Finding my way in the chessdevelopment- and training jungle in order to improve my rating.
Tuesday, December 11, 2007
What do you want for Christmas?
I read the book of Jacob Aagaard "Excelling at positional chess". It is a good read. This is what I distilled out of his idea's for my own use. When looking at a position three questions suffice to know what to do.
Is there a weakness? If it is not evident what to do in a position, you have to ask yourself first "is there a weakness?" A weakness can theoretically be everything, but in practice it most of the time boils down to "are there weak pawns?" A pawn is weak when it cannot be protected practically by a buddy pawn AND it can be attacked. If there is a weakness you must fix it, and then attack it. The usual scenario isn't that you conquer a weak pawn before the endgame. But the weakness ties down the defending pieces. In general it is possible to defend one weakness. But two weaknesses often proof to be to much. The art is to alternate your attack between both weaknesses, so that the defending pieces can't follow you.
Can there a weakness be induced? If there are no weaknesses your pieces can be 100% active, but they are going nowhere. They need weaknesses to work on. If there aren't any weaknesses, you must try to induce them. If you put your pieces in places where your opponent don't want them, you can force him to move his pawns, thus creating weaknesses.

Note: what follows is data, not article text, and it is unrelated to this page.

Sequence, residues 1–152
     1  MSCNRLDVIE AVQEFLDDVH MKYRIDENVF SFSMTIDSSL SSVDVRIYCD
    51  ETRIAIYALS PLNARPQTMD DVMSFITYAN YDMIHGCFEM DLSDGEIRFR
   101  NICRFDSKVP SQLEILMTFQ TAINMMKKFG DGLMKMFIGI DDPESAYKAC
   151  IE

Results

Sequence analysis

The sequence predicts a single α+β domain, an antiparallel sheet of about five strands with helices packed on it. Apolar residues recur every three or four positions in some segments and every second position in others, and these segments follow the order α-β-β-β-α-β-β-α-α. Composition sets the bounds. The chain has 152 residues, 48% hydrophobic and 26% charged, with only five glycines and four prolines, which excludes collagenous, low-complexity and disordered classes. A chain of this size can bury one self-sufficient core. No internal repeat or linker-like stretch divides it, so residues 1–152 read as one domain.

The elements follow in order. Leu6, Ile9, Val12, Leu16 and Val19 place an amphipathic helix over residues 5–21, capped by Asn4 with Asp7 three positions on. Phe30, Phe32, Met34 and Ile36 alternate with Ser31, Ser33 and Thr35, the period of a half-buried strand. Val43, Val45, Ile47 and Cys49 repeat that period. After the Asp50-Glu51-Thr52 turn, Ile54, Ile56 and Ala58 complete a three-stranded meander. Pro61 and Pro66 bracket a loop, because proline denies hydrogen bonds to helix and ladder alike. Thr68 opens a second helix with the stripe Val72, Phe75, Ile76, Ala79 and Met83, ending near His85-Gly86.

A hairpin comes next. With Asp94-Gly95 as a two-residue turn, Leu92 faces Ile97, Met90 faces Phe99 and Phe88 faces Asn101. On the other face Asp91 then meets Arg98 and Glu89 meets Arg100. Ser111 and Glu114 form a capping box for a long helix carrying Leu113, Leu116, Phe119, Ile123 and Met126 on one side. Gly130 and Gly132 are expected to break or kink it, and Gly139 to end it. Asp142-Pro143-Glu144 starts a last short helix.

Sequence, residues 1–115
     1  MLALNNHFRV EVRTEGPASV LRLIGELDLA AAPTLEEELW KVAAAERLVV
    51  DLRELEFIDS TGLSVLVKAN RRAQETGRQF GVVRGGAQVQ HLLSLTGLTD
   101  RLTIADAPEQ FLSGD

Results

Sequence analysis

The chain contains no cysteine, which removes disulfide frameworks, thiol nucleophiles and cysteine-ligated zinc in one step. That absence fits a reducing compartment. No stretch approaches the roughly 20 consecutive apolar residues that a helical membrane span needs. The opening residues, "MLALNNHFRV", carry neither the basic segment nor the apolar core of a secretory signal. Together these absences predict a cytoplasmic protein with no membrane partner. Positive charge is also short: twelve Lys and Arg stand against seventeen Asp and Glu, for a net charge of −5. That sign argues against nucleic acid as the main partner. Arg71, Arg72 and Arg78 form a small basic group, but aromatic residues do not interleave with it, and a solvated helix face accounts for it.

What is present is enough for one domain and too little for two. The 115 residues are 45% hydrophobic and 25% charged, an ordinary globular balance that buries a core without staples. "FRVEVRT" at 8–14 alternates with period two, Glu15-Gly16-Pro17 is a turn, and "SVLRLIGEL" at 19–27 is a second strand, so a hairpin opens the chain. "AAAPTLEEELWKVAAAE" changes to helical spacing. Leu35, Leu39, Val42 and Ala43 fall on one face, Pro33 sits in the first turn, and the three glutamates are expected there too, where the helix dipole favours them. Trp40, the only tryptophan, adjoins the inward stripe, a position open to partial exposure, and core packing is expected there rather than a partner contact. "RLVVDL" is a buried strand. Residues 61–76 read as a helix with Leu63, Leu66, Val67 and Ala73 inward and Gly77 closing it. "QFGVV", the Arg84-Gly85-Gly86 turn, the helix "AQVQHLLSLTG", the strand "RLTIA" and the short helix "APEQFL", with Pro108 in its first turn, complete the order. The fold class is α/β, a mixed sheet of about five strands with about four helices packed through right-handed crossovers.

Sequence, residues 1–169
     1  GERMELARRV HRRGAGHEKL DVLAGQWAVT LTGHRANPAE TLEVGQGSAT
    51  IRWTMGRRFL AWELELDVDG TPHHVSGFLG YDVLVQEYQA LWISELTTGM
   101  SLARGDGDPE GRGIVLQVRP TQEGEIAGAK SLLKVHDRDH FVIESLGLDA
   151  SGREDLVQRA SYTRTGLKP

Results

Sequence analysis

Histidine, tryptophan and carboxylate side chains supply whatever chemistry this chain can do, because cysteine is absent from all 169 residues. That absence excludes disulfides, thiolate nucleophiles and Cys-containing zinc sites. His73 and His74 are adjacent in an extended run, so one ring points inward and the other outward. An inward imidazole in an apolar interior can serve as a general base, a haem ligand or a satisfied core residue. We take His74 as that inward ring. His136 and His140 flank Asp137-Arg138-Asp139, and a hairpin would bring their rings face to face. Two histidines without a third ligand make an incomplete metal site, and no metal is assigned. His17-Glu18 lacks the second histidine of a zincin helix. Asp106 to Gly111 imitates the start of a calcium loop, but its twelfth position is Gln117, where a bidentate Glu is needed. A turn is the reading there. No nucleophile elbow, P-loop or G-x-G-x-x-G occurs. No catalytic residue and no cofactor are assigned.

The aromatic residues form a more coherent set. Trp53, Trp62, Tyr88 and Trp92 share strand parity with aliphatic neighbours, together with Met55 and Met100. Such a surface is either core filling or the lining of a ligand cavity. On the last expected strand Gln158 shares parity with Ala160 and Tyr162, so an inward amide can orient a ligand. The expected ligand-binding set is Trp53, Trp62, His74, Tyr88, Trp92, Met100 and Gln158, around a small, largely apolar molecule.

What is your worst piece? If there are no weaknesses to work on and they cannot be induced, you have to improve the activity of your pieces. First you have to identify your worst piece. That is the one you have to improve. In order to find a plan to improve a piece you ask yourself "What do you want to have for Christmass?" according to the formulation of Aagaard. In other words: "what would be the ideal square for this piece if there were no restrictions?" In practice this is not so easy.
The following diagram is one of 108 positional exercises from Aagaards book. The position stemms from Ehlvest - Anand.
Black to move
There are no weaknesses, and it is at the moment not clear how to induce one. Of course black can play Ng4 and wait till white plays h3, but it is hard to see how such weakness can be attacked. The positions suggests that white will seek his expansion on the kingside, while black looks at the queenside. For white it is clearer, if he posts a knight on f5, than g6 would be a seriousness weakening of blacks kingside.
So the question is, what is blacks worst piece? There is some exercise needed to see that, I guess, but the knight on c6 isn't doing very well. It stands in the way of the bishop and it is going nowhere at the moment. What does it want for Christmass? Where should it go? This question isn't so simple either. Enfin, that's why I'm doing the 108 exercises of Aagaards book. Of course you can say, the black knight would be ideally placed on f3. From there it gives check, it is well centralized and it controls a significant part of enemy territory. Well, if you ask something excessive to Santa, you won't get it either. Aagaard (and Anand!) comes up with c5 as the best place for the knight. Play went on as follows:
In order to know if the ideal square is feasible you have to know how to play your pawns. I have never thought about that before. dxe4 creates a weak pawn on e4, while the d-pawn can no longer attack the knight on c5. Nf3, Nc5 and indirectly Bb7 all attack the weakness on e4.
I want to learn how to use your pawns. So that is my focus when doing the exercises in the book. Of course 13. ...Nb8 isn't necessarily the best move in this position. There are other moves that are equally playable. But having a plan makes live easier.